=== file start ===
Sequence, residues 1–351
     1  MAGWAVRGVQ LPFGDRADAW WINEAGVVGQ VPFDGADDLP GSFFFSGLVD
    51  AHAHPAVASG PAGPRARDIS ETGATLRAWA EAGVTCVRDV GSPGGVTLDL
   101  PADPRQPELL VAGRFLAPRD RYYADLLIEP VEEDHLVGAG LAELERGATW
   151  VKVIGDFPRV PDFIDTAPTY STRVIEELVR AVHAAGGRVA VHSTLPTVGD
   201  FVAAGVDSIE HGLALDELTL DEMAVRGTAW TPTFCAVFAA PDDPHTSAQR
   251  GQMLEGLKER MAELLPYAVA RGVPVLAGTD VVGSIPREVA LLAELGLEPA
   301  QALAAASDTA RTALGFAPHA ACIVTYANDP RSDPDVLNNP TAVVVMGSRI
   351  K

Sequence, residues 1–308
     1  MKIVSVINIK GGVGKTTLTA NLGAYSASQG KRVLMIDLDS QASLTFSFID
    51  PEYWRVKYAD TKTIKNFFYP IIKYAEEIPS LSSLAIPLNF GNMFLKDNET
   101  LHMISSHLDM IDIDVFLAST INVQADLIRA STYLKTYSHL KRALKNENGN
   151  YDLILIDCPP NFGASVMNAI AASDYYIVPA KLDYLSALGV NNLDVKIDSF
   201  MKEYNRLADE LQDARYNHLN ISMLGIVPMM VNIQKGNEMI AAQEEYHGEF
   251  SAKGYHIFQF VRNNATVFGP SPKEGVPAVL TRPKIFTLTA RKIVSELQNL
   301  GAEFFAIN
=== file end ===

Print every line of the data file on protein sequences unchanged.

Sequence, residues 1–351
     1  MAGWAVRGVQ LPFGDRADAW WINEAGVVGQ VPFDGADDLP GSFFFSGLVD
    51  AHAHPAVASG PAGPRARDIS ETGATLRAWA EAGVTCVRDV GSPGGVTLDL
   101  PADPRQPELL VAGRFLAPRD RYYADLLIEP VEEDHLVGAG LAELERGATW
   151  VKVIGDFPRV PDFIDTAPTY STRVIEELVR AVHAAGGRVA VHSTLPTVGD
   201  FVAAGVDSIE HGLALDELTL DEMAVRGTAW TPTFCAVFAA PDDPHTSAQR
   251  GQMLEGLKER MAELLPYAVA RGVPVLAGTD VVGSIPREVA LLAELGLEPA
   301  QALAAASDTA RTALGFAPHA ACIVTYANDP RSDPDVLNNP TAVVVMGSRI
   351  K

Sequence, residues 1–308
     1  MKIVSVINIK GGVGKTTLTA NLGAYSASQG KRVLMIDLDS QASLTFSFID
    51  PEYWRVKYAD TKTIKNFFYP IIKYAEEIPS LSSLAIPLNF GNMFLKDNET
   101  LHMISSHLDM IDIDVFLAST INVQADLIRA STYLKTYSHL KRALKNENGN
   151  YDLILIDCPP NFGASVMNAI AASDYYIVPA KLDYLSALGV NNLDVKIDSF
   201  MKEYNRLADE LQDARYNHLN ISMLGIVPMM VNIQKGNEMI AAQEEYHGEF
   251  SAKGYHIFQF VRNNATVFGP SPKEGVPAVL TRPKIFTLTA RKIVSELQNL
   301  GAEFFAIN